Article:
Timothy Dalton must have nixed puns. There's neither much humor in his "License to Kill" and "The Living Daylights," nor much romance, probably because they were made at the height of the devastation of the AIDS epidemic. His gloomy Bond isn't a fan favorite but he brings gravity to the role; you never believe anything bad could happen with Connery but you do with Dalton.
Pierce Brosnan strikes me as a place-holder. He nails the requirements — looking great in a tux, eyebrows always ready to arch — but he only has personality when he's striking sparks with a compelling costar, and he was not given the best costars, with Denise Richards' nuclear physicist in "The World Is Not Enough" a casting low point for the series.
Craig has been Bond for the longest, although he's only been the secret agent five times. He tilts toward Dalton broodiness but he's also the most active Bond, which is why he could be voted "Bond Most Likely to End Up in the Emergency Room." Or Most Likely to Be a Swimsuit Model.
We have to wait a few days to see what trouble he gets up to in "No Time to Die." In the meantime, catch up with Bond's best (many stream for free on Pluto).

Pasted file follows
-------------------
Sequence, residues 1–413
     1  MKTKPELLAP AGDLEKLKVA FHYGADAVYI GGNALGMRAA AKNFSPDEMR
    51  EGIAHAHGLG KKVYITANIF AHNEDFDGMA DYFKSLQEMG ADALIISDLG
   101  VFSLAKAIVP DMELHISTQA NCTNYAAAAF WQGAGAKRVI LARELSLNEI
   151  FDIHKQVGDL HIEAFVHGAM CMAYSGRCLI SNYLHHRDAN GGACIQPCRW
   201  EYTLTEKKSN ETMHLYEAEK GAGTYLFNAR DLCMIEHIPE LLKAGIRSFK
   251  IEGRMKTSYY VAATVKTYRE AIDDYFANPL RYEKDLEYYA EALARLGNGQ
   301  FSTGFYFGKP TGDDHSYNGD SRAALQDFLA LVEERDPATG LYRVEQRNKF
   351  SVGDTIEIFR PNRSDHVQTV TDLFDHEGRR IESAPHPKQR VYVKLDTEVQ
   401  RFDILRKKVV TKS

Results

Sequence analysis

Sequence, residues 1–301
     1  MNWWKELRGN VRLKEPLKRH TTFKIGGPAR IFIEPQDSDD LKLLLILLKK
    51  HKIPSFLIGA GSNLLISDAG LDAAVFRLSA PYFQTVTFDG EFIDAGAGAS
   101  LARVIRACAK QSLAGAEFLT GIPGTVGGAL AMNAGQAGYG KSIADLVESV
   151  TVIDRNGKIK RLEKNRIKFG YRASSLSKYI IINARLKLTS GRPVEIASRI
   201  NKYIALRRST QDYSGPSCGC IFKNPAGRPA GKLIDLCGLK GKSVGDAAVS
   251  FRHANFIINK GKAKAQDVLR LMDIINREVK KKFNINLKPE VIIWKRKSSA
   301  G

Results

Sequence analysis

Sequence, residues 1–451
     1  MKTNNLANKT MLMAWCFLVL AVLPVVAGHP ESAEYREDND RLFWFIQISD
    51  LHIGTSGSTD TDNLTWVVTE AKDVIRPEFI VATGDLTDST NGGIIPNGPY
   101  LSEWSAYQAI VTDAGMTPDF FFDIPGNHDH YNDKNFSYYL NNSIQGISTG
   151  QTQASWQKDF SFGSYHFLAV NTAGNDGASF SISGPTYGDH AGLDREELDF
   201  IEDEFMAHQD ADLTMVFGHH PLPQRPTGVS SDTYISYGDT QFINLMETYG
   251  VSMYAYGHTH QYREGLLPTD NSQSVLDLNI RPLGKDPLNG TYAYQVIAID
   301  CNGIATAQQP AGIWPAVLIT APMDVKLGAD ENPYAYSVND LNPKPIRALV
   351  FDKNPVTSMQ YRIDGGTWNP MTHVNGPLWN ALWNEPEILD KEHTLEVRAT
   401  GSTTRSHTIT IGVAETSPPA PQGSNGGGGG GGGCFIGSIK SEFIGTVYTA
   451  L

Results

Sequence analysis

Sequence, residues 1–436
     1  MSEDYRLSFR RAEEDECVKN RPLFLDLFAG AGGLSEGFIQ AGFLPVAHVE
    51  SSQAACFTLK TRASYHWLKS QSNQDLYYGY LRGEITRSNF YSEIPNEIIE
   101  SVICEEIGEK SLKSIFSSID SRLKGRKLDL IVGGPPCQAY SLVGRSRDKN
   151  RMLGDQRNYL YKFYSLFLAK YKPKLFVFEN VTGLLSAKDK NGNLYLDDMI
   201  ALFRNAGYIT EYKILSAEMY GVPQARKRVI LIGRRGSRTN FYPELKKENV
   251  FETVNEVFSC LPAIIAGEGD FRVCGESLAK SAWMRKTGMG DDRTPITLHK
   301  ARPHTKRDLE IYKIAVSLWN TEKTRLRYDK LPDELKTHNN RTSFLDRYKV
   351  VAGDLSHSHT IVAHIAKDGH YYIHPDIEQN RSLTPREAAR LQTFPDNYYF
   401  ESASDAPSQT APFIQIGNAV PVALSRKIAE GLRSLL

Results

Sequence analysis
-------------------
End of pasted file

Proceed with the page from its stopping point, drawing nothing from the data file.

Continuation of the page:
The most action-packed Bond movie opens with parkour, which apparently was a thing in 2006, and it never lets up. Mads Mikkelsen, who cries tears of blood, makes for a worthy foe for Craig — at poker and treachery.
A man who can pull off wearing a baby-blue, terry cloth romper, as Connery does here, can do anything. His third outing is his best, also boasting a dynamite take on the trademark, silhouettes-of-sexy-ladies opening credits, complemented by Shirley Bassey's iconic performance of the title song. In a series not noted for cinematic brio, a shot in which Bond's face suddenly appears in a scale model of Fort Knox may be the cleverest single moment in any 007 film.
Bond in a kilt, Telly Savalas as a lip-snarling baddie, a shoot-out on bobsleds, a Louis Armstrong theme song and curling. Lazenby's lone outing as 007 has it all, and it's not his fault he looks like Connery with cheek implants and a butt chin.
Fun fact: Joe Don Baker played a bad guy opposite Dalton in "The Living Daylights" but he's a seemingly good guy in the first of two outings with Brosnan. Their bickering is the highlight, especially when he insists on calling Bond "Jimmy."
Bond films are always best when the villain is on point and this one has a dandy pair: Lotte Lenya as an operative of arch-enemy SPECTRE and future "Jaws" star Robert Shaw as a sleek assassin.
Like the Lazenby film, melancholy "Skyfall" deepens our understanding of Bond, whose origins are explored, including his complex relationship with Judi Dench's M.
A great visual joke caps off the dynamite intro: Bond and a friend leave a car chase via helicopter, then literally drop into a wedding. As James enters the chapel, his parachute trails behind, like a train following a bride. A very young (21!) Benicio del Toro costars as a very nasty henchman who meets a very gruesome end.